"My story is included in the history books for school children" Nasser Al-Attiyah proudly told ESPN in 2017 and with Sunday's fifth victory in the Dakar Rally he has guaranteed another chapter will be added.
The 52-year-old shares top billing as Qatar's most accomplished sportsman with high jumper Mutaz Essa Barshim but it is the latter's Olympic gold medal -- he shared the title in Tokyo in 2021 -- that Al-Attiyah would covet more than anything.
Al-Attiyah has competed in every Olympics in skeet shooting since the 1996 Games in Atlanta showing the same gritty determination he has done in umpteen Dakar Rallies to secure himself a medal of any kind.
Eventually it arrived as he won a shoot-off in the 2012 Games in London beating Russian Valeriy Shomin -- improving on his fourth place in 2004.
"This time I told myself that I must win the medal -– for my country, for all Arabs," Al-Attiyah told Sport360.
"I have everything in my home except an Olympic medal. It means so much."
Al-Attiyah -- who was winning only Qatar's fourth ever Olympic medal -- had really hit his sporting straps as it came a year after the first of his victories in the Dakar Rally.
Four Dakar Rally wins later -- with his co-pilot and the man he calls his best friend Mathieu Baumel -- and failing to medal at the Rio Games in 2016 his appetite is far from sated.
He still entertains hopes of winning gold in the 2024 Games in Paris and inspiring more Qatari school children to take up either shooting or car racing.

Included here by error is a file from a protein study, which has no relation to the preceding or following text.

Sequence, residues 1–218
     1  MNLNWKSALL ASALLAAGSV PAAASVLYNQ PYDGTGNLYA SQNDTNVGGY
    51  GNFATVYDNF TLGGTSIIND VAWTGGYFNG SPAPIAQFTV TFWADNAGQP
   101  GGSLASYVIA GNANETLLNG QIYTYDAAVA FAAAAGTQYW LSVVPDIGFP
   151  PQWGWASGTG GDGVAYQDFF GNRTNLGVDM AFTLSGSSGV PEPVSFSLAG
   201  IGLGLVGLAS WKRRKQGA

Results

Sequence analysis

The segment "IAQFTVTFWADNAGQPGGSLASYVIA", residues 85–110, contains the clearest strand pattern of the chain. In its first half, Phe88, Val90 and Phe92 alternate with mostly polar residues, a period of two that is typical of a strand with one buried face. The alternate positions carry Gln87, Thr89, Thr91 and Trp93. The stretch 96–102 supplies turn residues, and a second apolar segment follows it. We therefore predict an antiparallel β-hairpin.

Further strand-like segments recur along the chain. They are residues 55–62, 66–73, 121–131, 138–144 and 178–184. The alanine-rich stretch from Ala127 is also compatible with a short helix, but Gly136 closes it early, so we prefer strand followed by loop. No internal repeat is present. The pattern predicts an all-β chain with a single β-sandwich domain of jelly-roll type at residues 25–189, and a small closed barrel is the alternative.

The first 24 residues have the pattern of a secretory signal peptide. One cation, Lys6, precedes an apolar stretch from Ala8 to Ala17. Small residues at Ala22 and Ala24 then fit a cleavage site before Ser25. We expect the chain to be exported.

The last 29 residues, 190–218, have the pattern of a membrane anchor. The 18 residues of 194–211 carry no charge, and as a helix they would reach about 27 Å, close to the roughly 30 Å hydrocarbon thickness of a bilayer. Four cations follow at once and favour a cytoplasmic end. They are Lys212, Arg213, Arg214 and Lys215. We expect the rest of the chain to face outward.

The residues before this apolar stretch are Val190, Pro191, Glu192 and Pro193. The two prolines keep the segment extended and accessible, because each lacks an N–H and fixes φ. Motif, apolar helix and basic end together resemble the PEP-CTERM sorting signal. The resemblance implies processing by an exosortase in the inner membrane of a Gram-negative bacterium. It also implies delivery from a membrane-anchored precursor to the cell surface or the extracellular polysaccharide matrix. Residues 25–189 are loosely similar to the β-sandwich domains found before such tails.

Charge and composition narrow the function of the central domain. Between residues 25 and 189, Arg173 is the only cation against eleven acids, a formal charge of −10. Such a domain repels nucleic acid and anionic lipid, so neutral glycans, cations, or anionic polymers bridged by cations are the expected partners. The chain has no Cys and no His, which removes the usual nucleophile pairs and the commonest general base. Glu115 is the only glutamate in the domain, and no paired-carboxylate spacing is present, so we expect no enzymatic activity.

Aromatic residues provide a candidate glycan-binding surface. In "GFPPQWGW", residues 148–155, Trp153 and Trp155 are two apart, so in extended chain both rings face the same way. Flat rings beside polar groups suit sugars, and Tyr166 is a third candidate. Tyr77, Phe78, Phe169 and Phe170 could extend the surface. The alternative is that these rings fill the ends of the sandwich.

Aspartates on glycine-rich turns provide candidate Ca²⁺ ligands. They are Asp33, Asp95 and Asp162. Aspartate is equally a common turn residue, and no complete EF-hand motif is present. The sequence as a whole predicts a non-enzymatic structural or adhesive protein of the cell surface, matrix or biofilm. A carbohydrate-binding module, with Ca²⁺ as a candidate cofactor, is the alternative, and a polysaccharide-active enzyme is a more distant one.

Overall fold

"After reading about me, a lot of youngsters want to participate in shooting and racing," he says.
Al-Attiyah once had three sports on the go but dropped horse riding fearing a hand injury would prevent him competing in his other two sporting pursuits.
- 'Helped me excel' -
His love of derring-do and daredevilry had pushed him towards becoming a pilot as well but then he shelved it.
"I had dreams of becoming a pilot, especially since my cousins were pilots and I was the youngest among them," he told Jordan News in 2021.
"They graduated from flight school in the UK."
However, a chance opportunity to partner another cousin in a Rally persuaded him his feet belonged on the ground and not up in the air.
His father Saleh it was, though, who had set him on the path to both his preferred sports.
Saleh bought him a Nissan Patrol when he was 18 and he enjoyed instant success nationally whilst Al-Attiyah senior also took him hunting.
"My father said 'Nasser, you are a hunter. If you want to improve, you need to practice clay pigeon," Al-Attiyah told ESPN.
"It will help you concentrate and help your mind to be strong'.
"And later when I realised I was getting good at it, I decided to keep shooting."
Al-Attiyah says that far from one proving to be a distraction they complement each other.
"Juggling between two professional sports and feeling the pressure to be the best in both is very challenging," he told Qatari website Q Life in 2018.
"Shooting has helped me excel in rally driving because of the immense concentration needed. It helped me stay mentally strong."
For the moment Al-Attiyah awaits a new generation to replace him.
"The Qatar government says if you find another Nasser, we will let you retire," he told ESPN.
"Until now there is no one else like me, so I keep shooting."
If that results in him winning gold in Paris next year then he may have a history book solely devoted to him.